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Teenager at school on a bike.

Basic Bike Fitting Tips

Author: CHKD Sports Medicine, Tim McDonald, PT, MS, ATC
Published Date: Wednesday, April 14, 2021

The warmer temperatures that come with spring make it a great time to ride a bike, whether it be for exercise, errands, or even commuting to work. To ensure that your ride is as enjoyable and comfortable as possible, here are a few things to keep in mind.

Seat height

Incorrect seat height is probably the most common and significant bike fit issue, and can lead to knee pain if not corrected. There are several ways to adjust seat height. The easiest method is to set the height so that when you’re sitting on the bike seat with your heel on the pedal that’s at the bottom of the “spin” (pedal and crank arm at the 6 o’clock position), your knee is straight. If your heel is on the pedal and your knee is bent, raise the seat. If you can’t reach the pedal with your heel, the seat needs to be lowered. Click here for a photo example.

Foot position on pedals

When pedaling, your forefoot should be on the middle of the pedal. By forefoot, I mean the ball of your foot. If your seat height is correct, and your forefoot is on the pedal, your knee should be flexed (bent) approximately 30 degrees when the pedal is at the bottom of the spin (when the pedal is closest to the ground). See photo example.

Seat angle

Your bike seat should be parallel to the ground, not tipped forward or back. Place a level across the top of seat and adjust to correct its position. A seat that is tipped forward may result in too much weight on your hands when they’re on the handlebars, and a seat that’s tipped back may result in too much pressure on your “bottom,” which is no fun. See photo example.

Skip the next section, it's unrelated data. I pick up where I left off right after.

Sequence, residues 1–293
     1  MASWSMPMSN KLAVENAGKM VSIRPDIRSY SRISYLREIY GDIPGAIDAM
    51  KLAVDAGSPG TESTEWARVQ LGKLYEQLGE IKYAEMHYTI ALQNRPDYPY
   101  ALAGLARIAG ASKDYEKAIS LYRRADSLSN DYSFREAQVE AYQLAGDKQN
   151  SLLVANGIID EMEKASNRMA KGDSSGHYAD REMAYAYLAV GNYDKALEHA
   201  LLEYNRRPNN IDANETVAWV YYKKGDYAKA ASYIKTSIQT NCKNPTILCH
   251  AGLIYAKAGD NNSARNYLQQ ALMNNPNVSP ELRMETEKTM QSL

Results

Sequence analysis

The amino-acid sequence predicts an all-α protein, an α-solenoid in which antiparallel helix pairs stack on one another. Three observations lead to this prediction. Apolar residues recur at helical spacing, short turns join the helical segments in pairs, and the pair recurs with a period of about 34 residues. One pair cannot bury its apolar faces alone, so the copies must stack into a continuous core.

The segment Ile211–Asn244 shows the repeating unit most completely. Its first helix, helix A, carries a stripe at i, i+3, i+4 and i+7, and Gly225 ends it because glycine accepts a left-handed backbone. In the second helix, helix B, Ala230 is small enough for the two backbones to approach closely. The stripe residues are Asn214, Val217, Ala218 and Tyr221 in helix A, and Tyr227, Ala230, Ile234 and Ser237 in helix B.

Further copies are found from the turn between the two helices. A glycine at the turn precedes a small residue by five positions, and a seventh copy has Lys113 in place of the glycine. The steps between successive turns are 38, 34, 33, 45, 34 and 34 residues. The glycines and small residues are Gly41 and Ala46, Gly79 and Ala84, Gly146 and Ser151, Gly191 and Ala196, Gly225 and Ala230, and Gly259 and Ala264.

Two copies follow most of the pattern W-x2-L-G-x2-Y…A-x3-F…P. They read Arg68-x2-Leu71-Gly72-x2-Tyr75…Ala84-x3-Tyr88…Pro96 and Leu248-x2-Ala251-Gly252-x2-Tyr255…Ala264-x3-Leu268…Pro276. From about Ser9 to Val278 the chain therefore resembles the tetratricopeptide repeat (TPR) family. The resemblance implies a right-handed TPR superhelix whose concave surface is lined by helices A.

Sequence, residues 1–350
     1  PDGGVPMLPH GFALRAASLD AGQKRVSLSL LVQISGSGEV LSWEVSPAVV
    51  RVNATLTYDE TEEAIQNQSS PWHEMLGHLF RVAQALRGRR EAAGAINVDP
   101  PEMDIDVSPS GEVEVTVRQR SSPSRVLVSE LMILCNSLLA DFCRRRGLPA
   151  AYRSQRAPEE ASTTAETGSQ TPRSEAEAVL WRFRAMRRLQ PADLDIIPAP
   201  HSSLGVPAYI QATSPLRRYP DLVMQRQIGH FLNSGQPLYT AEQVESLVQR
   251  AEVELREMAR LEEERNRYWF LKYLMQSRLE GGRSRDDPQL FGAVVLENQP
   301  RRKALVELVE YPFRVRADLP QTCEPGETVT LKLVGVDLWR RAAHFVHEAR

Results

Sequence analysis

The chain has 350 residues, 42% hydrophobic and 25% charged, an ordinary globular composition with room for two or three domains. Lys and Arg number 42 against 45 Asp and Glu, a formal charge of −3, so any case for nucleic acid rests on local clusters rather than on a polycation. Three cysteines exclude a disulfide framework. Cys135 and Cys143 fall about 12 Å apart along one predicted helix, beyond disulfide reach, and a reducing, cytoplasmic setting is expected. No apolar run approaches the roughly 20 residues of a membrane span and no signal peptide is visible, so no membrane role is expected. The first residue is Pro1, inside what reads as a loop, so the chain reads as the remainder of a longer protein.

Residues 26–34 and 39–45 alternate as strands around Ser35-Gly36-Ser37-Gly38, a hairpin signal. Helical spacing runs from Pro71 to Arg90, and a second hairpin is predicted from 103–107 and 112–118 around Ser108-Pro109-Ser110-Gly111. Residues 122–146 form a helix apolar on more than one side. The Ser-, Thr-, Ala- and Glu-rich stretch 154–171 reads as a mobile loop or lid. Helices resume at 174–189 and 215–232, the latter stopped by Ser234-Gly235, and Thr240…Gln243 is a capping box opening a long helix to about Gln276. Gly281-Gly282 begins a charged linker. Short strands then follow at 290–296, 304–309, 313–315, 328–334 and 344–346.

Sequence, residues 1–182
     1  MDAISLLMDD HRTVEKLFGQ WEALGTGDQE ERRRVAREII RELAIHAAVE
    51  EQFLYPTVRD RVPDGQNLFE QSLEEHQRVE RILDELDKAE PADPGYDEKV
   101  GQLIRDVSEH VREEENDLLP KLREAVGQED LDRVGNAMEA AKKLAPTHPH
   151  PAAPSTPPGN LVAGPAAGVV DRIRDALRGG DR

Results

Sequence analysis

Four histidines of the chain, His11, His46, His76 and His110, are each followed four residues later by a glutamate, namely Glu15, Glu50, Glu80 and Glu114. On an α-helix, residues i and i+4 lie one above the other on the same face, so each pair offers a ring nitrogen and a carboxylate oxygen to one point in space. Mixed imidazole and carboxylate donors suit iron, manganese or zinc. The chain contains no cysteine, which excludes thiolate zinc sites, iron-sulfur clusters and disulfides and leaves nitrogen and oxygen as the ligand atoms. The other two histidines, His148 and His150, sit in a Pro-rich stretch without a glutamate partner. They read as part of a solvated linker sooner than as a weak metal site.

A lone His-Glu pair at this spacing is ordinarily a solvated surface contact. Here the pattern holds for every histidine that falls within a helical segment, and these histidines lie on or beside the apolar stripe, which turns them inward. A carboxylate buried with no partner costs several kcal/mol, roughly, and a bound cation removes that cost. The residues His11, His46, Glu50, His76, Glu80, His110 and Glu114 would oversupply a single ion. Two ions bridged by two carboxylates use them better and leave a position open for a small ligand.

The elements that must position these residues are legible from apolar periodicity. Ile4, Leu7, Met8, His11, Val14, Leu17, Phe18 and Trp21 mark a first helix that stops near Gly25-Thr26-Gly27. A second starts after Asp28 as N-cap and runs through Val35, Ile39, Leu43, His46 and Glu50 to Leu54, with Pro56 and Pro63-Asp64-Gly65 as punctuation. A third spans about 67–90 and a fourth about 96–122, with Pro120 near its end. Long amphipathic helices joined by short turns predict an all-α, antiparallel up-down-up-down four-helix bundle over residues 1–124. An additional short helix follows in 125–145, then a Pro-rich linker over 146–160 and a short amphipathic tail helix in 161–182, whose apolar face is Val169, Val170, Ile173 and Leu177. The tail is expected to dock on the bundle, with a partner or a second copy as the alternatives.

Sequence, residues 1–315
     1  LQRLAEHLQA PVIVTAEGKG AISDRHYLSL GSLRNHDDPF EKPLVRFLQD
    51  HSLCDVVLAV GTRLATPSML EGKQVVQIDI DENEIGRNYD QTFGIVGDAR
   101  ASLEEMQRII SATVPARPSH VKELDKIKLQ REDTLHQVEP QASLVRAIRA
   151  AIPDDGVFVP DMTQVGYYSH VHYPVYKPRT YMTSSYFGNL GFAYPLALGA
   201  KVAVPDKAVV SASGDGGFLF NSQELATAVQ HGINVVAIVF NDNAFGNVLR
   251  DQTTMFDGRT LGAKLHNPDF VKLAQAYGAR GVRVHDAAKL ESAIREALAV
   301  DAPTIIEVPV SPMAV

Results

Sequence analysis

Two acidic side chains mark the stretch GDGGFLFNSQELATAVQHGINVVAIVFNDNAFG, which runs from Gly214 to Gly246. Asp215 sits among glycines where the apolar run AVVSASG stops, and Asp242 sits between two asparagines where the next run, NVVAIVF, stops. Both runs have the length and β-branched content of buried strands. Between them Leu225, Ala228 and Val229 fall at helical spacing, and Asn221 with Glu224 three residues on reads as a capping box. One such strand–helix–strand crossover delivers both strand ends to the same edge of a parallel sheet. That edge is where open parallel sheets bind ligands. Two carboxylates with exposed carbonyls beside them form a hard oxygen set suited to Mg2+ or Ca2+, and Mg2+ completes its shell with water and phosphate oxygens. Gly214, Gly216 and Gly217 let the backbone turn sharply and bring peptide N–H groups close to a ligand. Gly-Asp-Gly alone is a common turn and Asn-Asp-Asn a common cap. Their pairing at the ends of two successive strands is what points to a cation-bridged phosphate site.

Seat fore/aft position

When your foot is at the 9 o’clock position of the pedal spin, the front of your knee should be over the pedal spindle (“axle” of the pedal). Or to be more precise, your tibial tubercle, which is the ‘bump” at the top and front of your shin bone, should be over the spindle. If it’s not, move the seat forward or backward to position correctly. See photo example

Body (trunk) position

On a road bike, your trunk angle should be 30 to 45 degrees in relation to the ground. On a mountain bike, you’ll be more upright, with an angle of 45 to 60 degrees. To accomplish this, you may need to change your handlebars or stem. A bike shop can do this for you. See photo example.

The guidelines above are very basic recommendations. Many bike shops offer fitting services that will finetune your position and allow you to ride comfortably.

Have fun, remember to wear your helmet, and be sure to obey all traffic laws.

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About CHKD Sports Medicine

About CHKD Sports Medicine  CHKD's sports medicine program offers the most comprehensive care for your young athlete. From diagnosis and treatment to customized rehabilitation plans, we specialize in physical therapy and injury prevention programs for active children and teens. Our team is composed of pediatric orthopedic surgeons, sports medicine specialists, physician assistants, certified athletic trainers and pediatric sports medicine physical therapists.